Line drawing of the Type 44
Class overview
NameType 44
BuildersSchichau, Elbing
Operators Kriegsmarine
Preceded byType 41 torpedo boat
Succeeded byNone
Planned6 or 9
General characteristics
TypeTorpedo boat
  • 103 m (337 ft 11 in) (o/a)
  • 98 m (321 ft 6 in) (waterline)
Beam10.1 m (33 ft 2 in)
Draft3.7 m (12 ft 2 in)
Installed power
Speed37 knots (69 km/h; 43 mph)
Range4,500 nmi (8,300 km; 5,200 mi) at 19 knots (35 km/h; 22 mph)

The Type 44 torpedo boats were a group of six or nine torpedo boats that were designed for Nazi Germany's Kriegsmarine during World War II. Ordered in 1944, none of the ships were laid down before the German surrender in May 1945.

Background and description

Much like the preceding Type 39 torpedo boats, the Type 44s were intended for general-purpose duties. Unhappy with the excess steam consumption of the Type 39's engine auxiliary machinery, the Kriegsmarine experimented with using three-phase electric motors to power the auxiliary machinery and partially automating its operations under the direction of Dipl.-Ing. Illies at Schichau-Werke's shipyard in Elbing, East Prussia. One boiler system was built there for trials and full-size mockups of turbine and boiler rooms were also constructed. Although attracted by the prospect of greater efficiency at lower speeds than the existing propulsion machinery, the Kriegsmarine did not believe that the "Illies-Schichau" machinery was ready for use until 1944 when the Type 44 was being designed.[1]

The ships would have had an overall length of 103 meters (337 ft 11 in) and would have been 98 meters (321 ft 6 in) long at the waterline. They were designed with a beam of 10.1 meters (33 ft 2 in), and a maximum draft of 3.7 meters (12 ft 2 in) at deep load. The Type 44s would have displaced 1,418 long tons (1,441 t) at standard load and 1,794 long tons (1,823 t) at deep load. Their hull was intended to be divided into 12 watertight compartments and it was designed with a double bottom that covered 70% of their length. They would have been manned by 8 officers and 214 sailors.[2][Note 1]

The Type 44 ships would have had two sets of Wagner geared steam turbines, each driving a single propeller, using steam provided by four Wagner water-tube boilers that operated at a pressure of 70 kg/cm2 (6,865 kPa; 996 psi) and a temperature of 460 °C (860 °F). The turbines were designed to produce 52,000 shaft horsepower (39,000 kW) for a speed of 37 knots (69 km/h; 43 mph). The ships carried a maximum of 300 metric tons (295 long tons) of fuel oil which was intended to give them a range of 4,500 nautical miles (8,300 km; 5,200 mi) at 19 knots (35 km/h; 22 mph). The new machinery was estimated to reach a speed of 25 knots (46 km/h; 29 mph) with only 19 standard atmospheres (20 kg/cm2; 280 psi) of pressure, greatly increasing the range compared to earlier torpedo boats with the same boilers.[2][Note 2]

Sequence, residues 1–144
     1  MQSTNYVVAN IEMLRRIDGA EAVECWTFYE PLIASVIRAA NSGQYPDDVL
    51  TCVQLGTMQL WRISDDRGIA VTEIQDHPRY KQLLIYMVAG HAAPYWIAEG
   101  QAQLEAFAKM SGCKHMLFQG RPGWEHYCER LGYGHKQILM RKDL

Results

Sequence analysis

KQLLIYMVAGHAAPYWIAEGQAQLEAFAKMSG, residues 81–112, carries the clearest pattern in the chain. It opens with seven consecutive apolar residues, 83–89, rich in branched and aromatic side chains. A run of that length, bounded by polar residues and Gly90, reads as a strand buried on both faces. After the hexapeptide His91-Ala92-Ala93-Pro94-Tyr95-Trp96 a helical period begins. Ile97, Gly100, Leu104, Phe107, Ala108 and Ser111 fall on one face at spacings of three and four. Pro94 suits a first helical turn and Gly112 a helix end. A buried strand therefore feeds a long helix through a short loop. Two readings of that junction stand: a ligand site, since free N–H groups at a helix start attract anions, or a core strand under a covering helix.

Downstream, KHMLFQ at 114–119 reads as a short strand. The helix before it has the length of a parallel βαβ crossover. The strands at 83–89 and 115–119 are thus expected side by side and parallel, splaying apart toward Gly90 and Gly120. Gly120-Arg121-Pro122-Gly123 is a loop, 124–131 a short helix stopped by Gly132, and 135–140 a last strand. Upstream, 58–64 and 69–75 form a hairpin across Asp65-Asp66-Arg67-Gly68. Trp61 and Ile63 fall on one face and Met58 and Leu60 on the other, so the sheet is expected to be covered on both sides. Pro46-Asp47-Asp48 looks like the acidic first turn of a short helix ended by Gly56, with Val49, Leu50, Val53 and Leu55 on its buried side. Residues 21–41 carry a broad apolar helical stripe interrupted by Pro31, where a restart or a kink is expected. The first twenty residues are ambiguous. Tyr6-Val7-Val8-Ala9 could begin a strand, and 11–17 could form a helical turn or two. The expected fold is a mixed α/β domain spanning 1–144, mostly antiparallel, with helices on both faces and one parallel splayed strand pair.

The planned main armament of the Type 44s would have been four of the new 10.5-centimeter (4.1 in) KM44 dual-purpose guns in two twin-gun mounts, one each fore and aft of the superstructure.[5] The mount had an elevation range of -15° to +75°. The KM44 fired 15.5-or-17-kilogram (34 or 37 lb) projectiles at muzzle velocities of either 835 or 785 m/s (2,740 or 2,580 ft/s), respectively. The 17-kilogram shell had a range of 19,000 meters (21,000 yd) at an elevation of +48°. The gun had a rate of fire of 12–14 rounds per minute and the ships were designed to carry 400 rounds per gun.[6] An anti-aircraft director would have been installed on the roof of the bridge. Dedicated anti-aircraft defense would have been provided by ten 3.7-centimeter (1.5 in) guns[Note 3] in five twin mounts for which 20,000 rounds would have been stowed. The Type 44s would also have been equipped with six above-water 533-millimeter (21.0 in) torpedo tubes in two triple mounts amidships and to carry 30 mines.[2]


The Kriegsmarine ordered nine Type 44s (T52T60) from Schichau on 28 March 1944 with yard numbers 1720–1745 and 1447–1449.[Note 4] The ships were scheduled for completion beginning on 15 September 1946, but none of them were laid down before the contracts were canceled when the shipyard was forced to close by advancing Soviet forces in January 1945.[9]


  1. ^ Whitley gives different dimensions and displacements. He says that they would have been 97 meters (318 ft 3 in) long at the waterline with a beam of 10 meters (32 ft 10 in), and a maximum draft of 3.56 meters (11 ft 8 in) at deep load. Their displacement would have been 1,821 long tons (1,850 t) at deep load and their crew would have numbered 160.[3]
  2. ^ Whitley gives a range of 1,900 nmi (3,500 km; 2,200 mi).[4]
  3. ^ Whitley says eight 3-centimeter (1.2 in) FLK44 guns,[3] although no such gun is listed by Campbell.[7]
  4. ^ Whitley says only T52T57 were ordered.[8]


  1. ^ Gröner, pp. 196–197; Whitley, p. 61
  2. ^ a b c Gröner, pp. 196–197
  3. ^ a b Whitley, pp. 61, 203
  4. ^ Whitley, p. 203
  5. ^ Gröner, p. 197
  6. ^ Campbell, pp. 246–247
  7. ^ Campbell, p. 257
  8. ^ Whitley, p. 61
  9. ^ Gröner, p. 197; Whitley, p. 59